Veterans Memorial Coliseum feasibility study in progress

Anticipated release date Sept. 15

T-R FILE PHOTO Construction of the Veterans Memorial Coliseum began in 1928, with dedication March 15, 1929, according to Times-Republican archives. Since the facility was originally constructed to honor Civil War, Spanish American War and World War I veterans, a special ceremony was held Veterans Day, Nov. 11, 2009, to rededicate the building to all veterans. The ceremony also marked the building’s 80th anniversary.

How much to spend, where and when for improvements to the Veterans Memorial Coliseum?

Those are among a few questions Marshalltown city councilors, Parks and Recreation staff and local residents will have if they see a much anticipated feasibility study Sept. 15.

Architect Damion Spilman of the GTG firm in Johnston told the city council at its regular meeting last week his goal is to present the plan specifications and budget then.

At issue for the 89-year-old building is whether or not to make substantial changes at potentially major expense to the historic building’s floor plans, air conditioning/heating and more.

A key objective is to make the building Americans for Disability Act compliant while also offering greater opportunities for public use.

Concerning ADA — the building’s restroom facilities are located in the basement, making it prohibitive to use by people with disabilities.

“We have been adding detail, and clarifying things,” Spilman said.

The VMC is managed by the Parks and Recreation Department and is used by hundreds of residents annually for a myriad of activities.

Beginning in 2017, members of an ad-hoc task force were charged with determining a comprehensive use plan for the facility.

Their task: Determine the future use of the venerable VMC, a State Street fixture whose history is as varied as Marshalltown.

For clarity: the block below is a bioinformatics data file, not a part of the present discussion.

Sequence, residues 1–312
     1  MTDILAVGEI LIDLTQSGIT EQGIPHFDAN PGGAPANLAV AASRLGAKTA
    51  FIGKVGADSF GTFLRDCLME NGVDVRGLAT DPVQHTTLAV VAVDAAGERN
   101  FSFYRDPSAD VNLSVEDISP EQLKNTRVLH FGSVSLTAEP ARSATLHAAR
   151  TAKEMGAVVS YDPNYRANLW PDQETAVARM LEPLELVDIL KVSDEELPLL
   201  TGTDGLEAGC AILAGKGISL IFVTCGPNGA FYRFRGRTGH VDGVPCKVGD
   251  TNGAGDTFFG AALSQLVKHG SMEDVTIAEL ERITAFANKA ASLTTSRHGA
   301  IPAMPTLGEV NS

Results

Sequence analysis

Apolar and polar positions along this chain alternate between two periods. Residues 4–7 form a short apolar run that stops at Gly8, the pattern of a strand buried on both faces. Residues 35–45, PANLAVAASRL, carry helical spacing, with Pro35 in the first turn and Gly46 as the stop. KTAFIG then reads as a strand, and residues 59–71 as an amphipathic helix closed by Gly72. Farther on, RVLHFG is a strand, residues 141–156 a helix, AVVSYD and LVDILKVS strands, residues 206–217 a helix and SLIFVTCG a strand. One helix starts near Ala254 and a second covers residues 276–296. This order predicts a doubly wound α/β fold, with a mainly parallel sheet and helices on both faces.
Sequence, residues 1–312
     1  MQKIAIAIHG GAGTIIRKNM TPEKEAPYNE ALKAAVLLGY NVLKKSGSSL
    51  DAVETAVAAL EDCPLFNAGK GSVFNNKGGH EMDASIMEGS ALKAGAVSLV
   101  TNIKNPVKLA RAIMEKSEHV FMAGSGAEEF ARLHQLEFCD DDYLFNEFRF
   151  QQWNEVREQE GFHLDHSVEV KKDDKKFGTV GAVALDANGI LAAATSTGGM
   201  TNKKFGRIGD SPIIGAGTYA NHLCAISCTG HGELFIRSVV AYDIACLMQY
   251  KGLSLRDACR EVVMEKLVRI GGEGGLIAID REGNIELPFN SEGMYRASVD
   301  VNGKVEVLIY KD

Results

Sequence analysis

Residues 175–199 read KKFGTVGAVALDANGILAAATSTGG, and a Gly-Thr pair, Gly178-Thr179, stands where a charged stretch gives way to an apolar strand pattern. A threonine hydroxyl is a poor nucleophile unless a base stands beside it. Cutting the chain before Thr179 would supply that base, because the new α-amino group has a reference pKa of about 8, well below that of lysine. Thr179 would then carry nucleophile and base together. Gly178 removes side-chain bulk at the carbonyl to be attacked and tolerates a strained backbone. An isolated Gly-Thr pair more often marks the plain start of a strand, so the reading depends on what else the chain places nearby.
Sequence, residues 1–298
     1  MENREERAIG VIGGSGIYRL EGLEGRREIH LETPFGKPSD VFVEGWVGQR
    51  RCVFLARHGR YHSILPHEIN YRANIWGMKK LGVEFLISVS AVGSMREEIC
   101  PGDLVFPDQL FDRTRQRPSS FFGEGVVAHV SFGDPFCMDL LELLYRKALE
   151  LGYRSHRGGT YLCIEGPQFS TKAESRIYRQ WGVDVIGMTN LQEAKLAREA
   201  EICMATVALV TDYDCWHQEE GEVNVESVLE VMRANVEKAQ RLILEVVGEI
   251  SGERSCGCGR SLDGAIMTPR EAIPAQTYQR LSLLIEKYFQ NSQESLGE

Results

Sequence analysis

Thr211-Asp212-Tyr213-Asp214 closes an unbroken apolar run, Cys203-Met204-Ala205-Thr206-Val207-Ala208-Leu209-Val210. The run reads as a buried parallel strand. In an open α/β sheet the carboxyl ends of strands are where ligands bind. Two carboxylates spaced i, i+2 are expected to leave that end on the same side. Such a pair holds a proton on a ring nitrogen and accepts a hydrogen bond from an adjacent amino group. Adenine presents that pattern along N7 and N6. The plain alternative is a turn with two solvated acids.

The team was Mary Lake, VMC veteran representative; Anne Selness, P&R Executive Director; Jenny Hart, P&R staff; Michelle Spohnheimer, City Housing and Community Development Director; Steve Grasso, GTG Companies of Johnston, Nick Salesek, VMC veteran representative. Also participating were Third Ward Councilor Mike Gowdy and Steve Storjohann, VMC veteran representative.

That team’s findings were conveyed to GTG.

Gowdy admitted it has been a drawn-out, but necessary process.

“We will get the results of the architect’s study and examine it closely,” Gowdy said. “I expect that will take awhile because we have a number of community stake-holders involved, ranging from veterans to P&R to active facility users. Their input will be critical, as well as that from city councilors. We will work to determine what to do and their related expenses.”

Gowdy said it will be necessary to wait until the joint police and fire facility is complete.

“That project is on the front burner now. (Occupancy is expected in December). We want to make sure that project is finalized before we move on to something else.”

Gowdy said it may not be until early 2019 that the council can look at all funding sources — including those from local businesses.

“We want to do this correctly,” Gowdy said. “This is a complex project involving a historic building … one that means a lot to area veterans and their families.”

A $25,000 grant received from the local Martha-Ellen Tye Foundation made the studies possible.


Contact Mike Donahey at 641-753-6611 or mdonahey@timesrepublican.com